School Choice and Segregation – Walthall County, Mississippi versus Washington D.C.

I said I was going to write a little more about this ruling that came out today regarding the schools in Walthall County, where my parents reside. The brief summary of the ruling is that the court ruled that the school district had to stop letting white children transfer into the one majority white school in the county, which happens to be the Salem School, the school closest to where my parents live. The other schools in the county are located within Tylertown and are majority black. As a result of the in-district transfers, Salem had a majority white population (over 60% white), while the Tylertown schools only had 20% white children. The even more disturbing part of what the Walthall County Schools were doing was that school officials were assigning kids in elementary school to classes at the Tylertown schools based on race, so that classrooms were all white or all black. There is no defense to that.

Clearly, there was not a race-neutral reason for allowing these transfers. And clearly, enforcing the 1970 desegregation order was necessary.

However, I wish to point out that I live in a metropolitan area where the schools are far more racially and economically segregated than the district in which I grew up in within the South (and by the numbers, appear more segregated than the Walthall County school district). In the District of Columbia, White people whose children do not live in the right neighborhoods, or whose children do not gain acceptance to the one or two top high schools in the city choose to send their children to private school or move out of the city to the white bread upper-middle class suburbs of Northern Virginia or Montgomery County. Parents willingly segregate the schools here by their own choices. The only difference between here and Mississippi (and I would venture, most school districts in America, particularly the urban ones or ones with large minority populations) is that you cannot put a court order on a parent’s choice of where their children attend school whereas you can put a court order on a district that allows intra-district transfers to racially realign the schools because of parent and student choice. However, as the comments on articles like the one in the Washington Post illustrate, most people blame Mississippi and target the people there as backward rednecks instead of looking at the WILLFUL segregation that exists in their own communities.

My dad graduated from Salem High in 1969, one year before the federal court’s original integration order. My mother attended East Mecklenburg High School in Charlotte, NC and graduated a couple of years before the landmark busing in the Charlotte schools began. My parents are clearly the product of segregated primary and secondary schools. However, my parents made the choice to send their daughters to a high school in which we were the racial minority. Yes, in the South, that happens. I would venture to say that few students get the experience that my sisters and I had, to receive a quality education in a racially diverse school, in ANY location in America. Furthermore, when my parents returned to Mississippi, my mom chose NOT to teach in the Walthall County schools based on how they were run, and instead chose to work in a school district that reflected the racial makeup of the community. My mother also refused to work in the historically white private academies that sprung up across Mississippi in the 1970s as a refusal of some in the white community to refuse to submit to integration. Even those academies are now becoming more integrated, my mother still refuses to teach at them based on principle. The fact is, my mom is an example of the many people who live in Mississippi who are there trying to make things better and give all kids an opportunity, regardless of background. Many of the people criticizing Mississippi today that are making blanket statements about the state are ignorant of the people of the state.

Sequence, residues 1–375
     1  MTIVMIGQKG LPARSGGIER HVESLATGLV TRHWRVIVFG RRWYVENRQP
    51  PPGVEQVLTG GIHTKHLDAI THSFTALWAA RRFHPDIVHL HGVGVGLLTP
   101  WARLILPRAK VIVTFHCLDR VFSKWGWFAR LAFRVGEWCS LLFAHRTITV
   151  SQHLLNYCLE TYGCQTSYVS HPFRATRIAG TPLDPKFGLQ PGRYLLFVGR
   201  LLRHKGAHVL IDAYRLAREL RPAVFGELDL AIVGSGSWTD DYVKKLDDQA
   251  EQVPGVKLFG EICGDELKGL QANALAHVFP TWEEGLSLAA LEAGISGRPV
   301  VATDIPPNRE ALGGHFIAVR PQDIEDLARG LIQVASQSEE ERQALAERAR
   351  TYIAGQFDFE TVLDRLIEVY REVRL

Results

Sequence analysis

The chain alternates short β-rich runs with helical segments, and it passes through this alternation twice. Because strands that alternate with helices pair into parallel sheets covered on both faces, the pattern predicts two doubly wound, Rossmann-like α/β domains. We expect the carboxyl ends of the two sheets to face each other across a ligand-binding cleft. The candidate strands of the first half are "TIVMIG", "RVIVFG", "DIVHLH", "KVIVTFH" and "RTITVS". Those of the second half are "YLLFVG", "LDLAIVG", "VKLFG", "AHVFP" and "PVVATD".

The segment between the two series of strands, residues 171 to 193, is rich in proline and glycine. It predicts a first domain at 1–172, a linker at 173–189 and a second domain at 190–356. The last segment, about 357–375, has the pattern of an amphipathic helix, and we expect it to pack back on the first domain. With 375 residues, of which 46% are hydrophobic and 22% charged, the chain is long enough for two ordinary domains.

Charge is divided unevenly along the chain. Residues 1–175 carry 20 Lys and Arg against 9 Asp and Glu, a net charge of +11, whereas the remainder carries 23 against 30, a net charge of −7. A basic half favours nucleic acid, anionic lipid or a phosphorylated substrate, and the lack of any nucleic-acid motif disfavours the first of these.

There are many people in Mississippi who will welcome this ruling and are not, in fact, clinging to the racist policies of the past. In fact, the MAJORITY of white kids that were attending the Tylertown schools attended the majority black schools, as stopping the intra-district transfers only changes increases the racial makeup of the Tylertown school and decreases the makeup of the Salem school by about 7%, according to the article.

I am glad of the ruling, but I dislike the broad inferences people make about Mississippi based upon it. People will always love to use Mississippi as a scapegoat for injustice in this country. It is easy to blame a small, rural state that is considered the “other” than looking at what choices they themselves make every day.

2 thoughts on “School Choice and Segregation – Walthall County, Mississippi versus Washington D.C.

  1. Hi Leslie,Goodness knows I am just lurking around the web and found this article- I work over in Wolff and anywho- this article reminded me of my childhood. I was raised after the age of 10 in a very white (97% white) county in rural Western NY state. I had spent several years in Chattanooga, TN and missed it- it was far more diverse. In high school I had a teacher that always made fun of southerners as racist, and ignorant- I reported him and he ended up not getting his contract renewed. My husband has experienced more racism in NY state than anywhere else in the country. He loves the south too- and like you I think people misunderstand or wish to pass judgment on the entire region without cause. I hear you about DC- here the racial segregation is by choice due to wealth and all my DC friends sent their kids to private school.Nice piece! Naomi House

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